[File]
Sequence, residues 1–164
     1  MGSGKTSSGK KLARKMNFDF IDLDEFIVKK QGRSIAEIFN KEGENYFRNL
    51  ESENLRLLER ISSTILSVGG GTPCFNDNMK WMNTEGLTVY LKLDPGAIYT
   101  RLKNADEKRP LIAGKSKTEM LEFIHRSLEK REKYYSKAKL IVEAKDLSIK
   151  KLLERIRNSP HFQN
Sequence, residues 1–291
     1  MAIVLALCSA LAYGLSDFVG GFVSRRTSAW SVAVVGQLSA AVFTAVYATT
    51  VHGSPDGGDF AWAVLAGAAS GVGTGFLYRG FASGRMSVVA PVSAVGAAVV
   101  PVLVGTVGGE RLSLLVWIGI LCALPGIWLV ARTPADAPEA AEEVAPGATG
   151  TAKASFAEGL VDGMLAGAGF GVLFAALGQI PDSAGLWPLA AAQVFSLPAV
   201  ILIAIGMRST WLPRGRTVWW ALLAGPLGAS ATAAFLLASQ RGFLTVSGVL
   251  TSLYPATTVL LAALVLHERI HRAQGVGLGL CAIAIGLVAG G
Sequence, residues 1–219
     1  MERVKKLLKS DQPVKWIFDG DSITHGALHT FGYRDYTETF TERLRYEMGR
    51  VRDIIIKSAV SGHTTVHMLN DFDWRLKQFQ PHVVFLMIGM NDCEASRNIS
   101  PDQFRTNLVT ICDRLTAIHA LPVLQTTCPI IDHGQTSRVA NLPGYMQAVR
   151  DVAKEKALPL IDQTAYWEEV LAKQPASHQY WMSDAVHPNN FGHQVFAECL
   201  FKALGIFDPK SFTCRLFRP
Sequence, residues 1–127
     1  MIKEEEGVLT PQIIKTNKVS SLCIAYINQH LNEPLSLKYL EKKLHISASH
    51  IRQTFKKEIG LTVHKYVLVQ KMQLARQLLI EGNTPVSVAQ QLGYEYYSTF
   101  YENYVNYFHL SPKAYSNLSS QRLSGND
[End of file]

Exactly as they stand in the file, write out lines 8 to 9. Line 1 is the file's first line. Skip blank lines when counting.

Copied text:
    51  VHGSPDGGDF AWAVLAGAAS GVGTGFLYRG FASGRMSVVA PVSAVGAAVV
   101  PVLVGTVGGE RLSLLVWIGI LCALPGIWLV ARTPADAPEA AEEVAPGATG